Currently, people spend a lot of time in front of their computers and electronic devices connected to the Internet, which makes them vulnerable to being spied on by cameras of these.
With the pandemic, the use of webcams it has become indispensable, whether to take classes, attend courses, work meetings or see family and friends. Although it may have all those utilities, it can also put users at risk.
This type of activity is known as “camfecting”a term in English that is given to the hijacking of a webcam of a user’s device (which can be that of the computer, tablet, mobile phone or any other that has a camera and connects to the Internet).
In accordance with ESET, cybersecurity company, attackers can choose when to attack and how. It should be remembered that cybercrimes move billions of dollars a year, that said, some of the ways to invade privacy is through:
Remote Access Trojans (RATs): are a particular type of malware that allow an attacker to remotely control a victim’s machine or device without the victim’s knowledge. For example, the attacker could turn on the camera without activating the light, record, and then send the video files to themselves.
The same malware can be used to record keystrokes, allowing them to steal passwords, bank details, and more. can be deploy like any other malware via: links or files malicious attachments in phishing emails, in messaging apps or social networks. They all look legitimate.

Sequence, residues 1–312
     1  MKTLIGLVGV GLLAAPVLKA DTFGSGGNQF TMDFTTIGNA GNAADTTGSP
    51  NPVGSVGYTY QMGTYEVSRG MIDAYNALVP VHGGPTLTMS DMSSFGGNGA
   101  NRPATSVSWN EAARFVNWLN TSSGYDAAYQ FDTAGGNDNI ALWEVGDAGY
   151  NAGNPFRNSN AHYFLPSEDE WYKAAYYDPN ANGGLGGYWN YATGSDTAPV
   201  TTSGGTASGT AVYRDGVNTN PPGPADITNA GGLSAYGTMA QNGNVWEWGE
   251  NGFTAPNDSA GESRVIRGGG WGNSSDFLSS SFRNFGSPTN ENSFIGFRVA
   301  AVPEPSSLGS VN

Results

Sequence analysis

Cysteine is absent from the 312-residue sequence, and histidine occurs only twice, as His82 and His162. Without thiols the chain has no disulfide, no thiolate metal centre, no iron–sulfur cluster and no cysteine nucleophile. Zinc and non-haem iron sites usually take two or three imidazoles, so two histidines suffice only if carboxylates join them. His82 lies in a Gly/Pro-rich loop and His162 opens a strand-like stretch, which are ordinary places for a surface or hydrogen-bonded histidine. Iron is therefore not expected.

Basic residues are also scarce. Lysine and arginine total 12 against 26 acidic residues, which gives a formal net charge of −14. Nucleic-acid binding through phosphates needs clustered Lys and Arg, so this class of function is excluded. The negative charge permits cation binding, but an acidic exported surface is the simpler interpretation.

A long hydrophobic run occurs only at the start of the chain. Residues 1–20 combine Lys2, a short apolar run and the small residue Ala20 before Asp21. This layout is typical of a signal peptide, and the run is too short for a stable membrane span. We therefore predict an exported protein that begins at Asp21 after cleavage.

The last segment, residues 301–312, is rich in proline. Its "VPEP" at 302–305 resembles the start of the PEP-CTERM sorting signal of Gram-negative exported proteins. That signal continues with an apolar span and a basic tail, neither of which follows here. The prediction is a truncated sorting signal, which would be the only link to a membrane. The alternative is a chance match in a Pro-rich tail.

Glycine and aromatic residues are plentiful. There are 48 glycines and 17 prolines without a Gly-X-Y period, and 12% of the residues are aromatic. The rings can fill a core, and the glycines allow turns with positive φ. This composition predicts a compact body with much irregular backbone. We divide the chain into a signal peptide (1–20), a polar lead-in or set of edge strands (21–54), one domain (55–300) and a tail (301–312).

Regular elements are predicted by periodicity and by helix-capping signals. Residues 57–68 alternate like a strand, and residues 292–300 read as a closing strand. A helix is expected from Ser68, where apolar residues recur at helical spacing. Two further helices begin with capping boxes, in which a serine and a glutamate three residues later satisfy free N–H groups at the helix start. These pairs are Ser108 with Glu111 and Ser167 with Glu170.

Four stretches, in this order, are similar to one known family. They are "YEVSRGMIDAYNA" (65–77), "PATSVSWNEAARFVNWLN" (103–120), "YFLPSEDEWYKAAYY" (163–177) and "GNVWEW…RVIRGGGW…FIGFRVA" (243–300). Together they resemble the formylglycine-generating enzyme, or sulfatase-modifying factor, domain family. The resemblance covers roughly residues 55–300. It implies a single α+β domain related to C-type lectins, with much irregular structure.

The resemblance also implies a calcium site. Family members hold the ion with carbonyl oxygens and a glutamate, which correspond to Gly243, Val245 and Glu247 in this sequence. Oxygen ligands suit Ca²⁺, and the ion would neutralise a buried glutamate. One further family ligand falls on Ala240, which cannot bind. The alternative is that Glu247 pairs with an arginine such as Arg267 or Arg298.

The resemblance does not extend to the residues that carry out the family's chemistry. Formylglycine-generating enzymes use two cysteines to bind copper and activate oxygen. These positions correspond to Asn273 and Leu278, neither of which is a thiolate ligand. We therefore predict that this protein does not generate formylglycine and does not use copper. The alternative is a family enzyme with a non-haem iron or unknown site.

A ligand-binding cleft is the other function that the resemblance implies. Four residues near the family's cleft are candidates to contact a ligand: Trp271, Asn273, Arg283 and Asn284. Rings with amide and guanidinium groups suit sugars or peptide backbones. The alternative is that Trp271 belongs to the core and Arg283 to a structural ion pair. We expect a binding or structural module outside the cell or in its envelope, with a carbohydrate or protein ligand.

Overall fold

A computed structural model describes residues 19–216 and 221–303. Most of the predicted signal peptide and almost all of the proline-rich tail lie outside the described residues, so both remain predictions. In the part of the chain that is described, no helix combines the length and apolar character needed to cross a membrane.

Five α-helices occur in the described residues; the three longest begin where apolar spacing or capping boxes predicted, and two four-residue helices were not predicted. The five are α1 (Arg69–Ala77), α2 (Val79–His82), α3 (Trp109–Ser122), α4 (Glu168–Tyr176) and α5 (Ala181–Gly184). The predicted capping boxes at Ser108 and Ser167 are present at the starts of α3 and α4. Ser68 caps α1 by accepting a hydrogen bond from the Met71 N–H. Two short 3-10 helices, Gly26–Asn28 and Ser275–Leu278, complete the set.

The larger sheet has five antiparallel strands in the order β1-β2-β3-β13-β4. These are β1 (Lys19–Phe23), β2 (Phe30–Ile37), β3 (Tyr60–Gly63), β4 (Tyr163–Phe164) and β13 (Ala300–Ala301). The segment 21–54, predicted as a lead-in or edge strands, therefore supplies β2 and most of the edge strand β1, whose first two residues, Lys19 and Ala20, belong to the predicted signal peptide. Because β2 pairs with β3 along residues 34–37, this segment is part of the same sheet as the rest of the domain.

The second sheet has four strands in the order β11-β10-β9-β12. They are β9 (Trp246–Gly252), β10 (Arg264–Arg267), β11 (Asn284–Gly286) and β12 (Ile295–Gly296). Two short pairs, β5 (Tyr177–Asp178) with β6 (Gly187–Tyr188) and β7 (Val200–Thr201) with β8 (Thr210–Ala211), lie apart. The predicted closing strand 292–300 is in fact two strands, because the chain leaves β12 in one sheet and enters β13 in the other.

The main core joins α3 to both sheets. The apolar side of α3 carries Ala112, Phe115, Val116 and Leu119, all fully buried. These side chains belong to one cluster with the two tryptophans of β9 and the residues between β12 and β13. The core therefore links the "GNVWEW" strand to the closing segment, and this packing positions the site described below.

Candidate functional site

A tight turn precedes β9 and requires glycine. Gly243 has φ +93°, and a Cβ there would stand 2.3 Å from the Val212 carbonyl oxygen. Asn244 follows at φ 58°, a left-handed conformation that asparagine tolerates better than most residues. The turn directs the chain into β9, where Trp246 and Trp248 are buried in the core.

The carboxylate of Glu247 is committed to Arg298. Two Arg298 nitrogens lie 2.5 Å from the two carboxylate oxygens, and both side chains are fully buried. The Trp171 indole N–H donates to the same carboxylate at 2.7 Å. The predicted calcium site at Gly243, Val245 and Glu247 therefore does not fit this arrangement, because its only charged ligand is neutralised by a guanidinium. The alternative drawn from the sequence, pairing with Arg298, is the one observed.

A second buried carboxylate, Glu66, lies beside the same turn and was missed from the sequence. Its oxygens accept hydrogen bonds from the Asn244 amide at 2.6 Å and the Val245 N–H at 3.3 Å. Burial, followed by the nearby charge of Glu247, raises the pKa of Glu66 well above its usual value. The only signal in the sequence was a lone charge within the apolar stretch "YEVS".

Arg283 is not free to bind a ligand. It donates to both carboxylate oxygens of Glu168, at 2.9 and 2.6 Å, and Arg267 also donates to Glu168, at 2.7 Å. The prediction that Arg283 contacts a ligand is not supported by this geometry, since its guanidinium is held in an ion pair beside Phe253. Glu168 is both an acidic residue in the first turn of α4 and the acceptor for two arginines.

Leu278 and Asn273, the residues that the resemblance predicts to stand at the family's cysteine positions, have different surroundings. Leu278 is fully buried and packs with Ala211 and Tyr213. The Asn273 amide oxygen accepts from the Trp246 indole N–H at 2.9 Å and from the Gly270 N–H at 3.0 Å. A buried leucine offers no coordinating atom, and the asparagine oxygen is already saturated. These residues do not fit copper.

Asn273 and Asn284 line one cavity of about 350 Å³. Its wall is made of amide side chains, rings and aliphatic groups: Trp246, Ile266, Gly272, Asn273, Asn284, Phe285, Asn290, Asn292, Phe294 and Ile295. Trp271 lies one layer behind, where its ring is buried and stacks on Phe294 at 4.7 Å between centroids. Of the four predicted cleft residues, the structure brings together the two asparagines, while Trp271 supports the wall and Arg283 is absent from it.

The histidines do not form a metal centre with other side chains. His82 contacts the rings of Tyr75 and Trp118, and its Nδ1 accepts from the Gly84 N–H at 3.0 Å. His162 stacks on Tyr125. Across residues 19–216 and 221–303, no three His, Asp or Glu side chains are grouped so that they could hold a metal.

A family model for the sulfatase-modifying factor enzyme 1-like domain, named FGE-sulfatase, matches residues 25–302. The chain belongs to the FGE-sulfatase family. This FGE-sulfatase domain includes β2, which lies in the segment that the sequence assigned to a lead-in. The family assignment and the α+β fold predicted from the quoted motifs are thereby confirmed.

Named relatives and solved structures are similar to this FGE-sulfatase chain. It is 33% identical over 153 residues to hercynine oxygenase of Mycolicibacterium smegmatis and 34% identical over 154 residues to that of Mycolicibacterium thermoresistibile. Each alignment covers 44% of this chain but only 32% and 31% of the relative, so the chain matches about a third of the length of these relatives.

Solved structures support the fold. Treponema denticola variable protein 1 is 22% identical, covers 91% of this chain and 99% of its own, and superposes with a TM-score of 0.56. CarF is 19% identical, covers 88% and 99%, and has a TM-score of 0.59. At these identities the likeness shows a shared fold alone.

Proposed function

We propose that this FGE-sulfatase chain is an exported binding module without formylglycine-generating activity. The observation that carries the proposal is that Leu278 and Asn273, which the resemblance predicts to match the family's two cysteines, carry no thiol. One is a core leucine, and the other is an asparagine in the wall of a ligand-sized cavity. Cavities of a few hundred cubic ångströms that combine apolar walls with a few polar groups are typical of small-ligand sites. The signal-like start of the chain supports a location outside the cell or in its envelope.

Home camera security devices exposed: with this class of devices the situation is slightly different, but they still represent a significant risk to privacy. These are CCTV cameras, like baby monitors and other devices that are becoming more and more common in homes.
Cybercriminals use a automated software. This program uses a database of previously stolen logins and tests these credentials on new accounts to see if they were reused.
Unfortunately, many of these cybercriminals attempting to compromise webcams reside far from the victim, in countries that turn a blind eye to this type of activity, especially when it is carried out by professional cybercriminals looking to extort money from their victims or sell personal data online. That makes it more important than ever that we take proactive steps to check if we’re being attacked.
Some of the signs could indicate that your webcam has been compromised:
The light indicating that the camera is active turns on: Although some attackers can make the camera light not turn on, this is not always the case. If it turns on when you’re not using it, your device may have been hijacked.
Presence of strange files on your computer: If a cybercriminal has made a record of your webcam, there may still be files saved on your computer. Look for anything unusual, especially in the documents or video folders that are part of your hard drive.
Presence of unusual applications on your system: One of the most common ways cybercriminals use to record from your webcam is by using a RAT. Scan your computer with an anti-malware solution and check for any alerts about software that shouldn’t be on your PC or device.
Your settings have been changed: Another thing that malware like RATs often do to pave their way is interfere with security software that is installed on a machine or in the operating system. Check if any security features have been disabled.
To avoid any of these attacks, make sure that your PC, mobile device, or smart home is always up-to-date at the software level and that you have anti-malware software installed.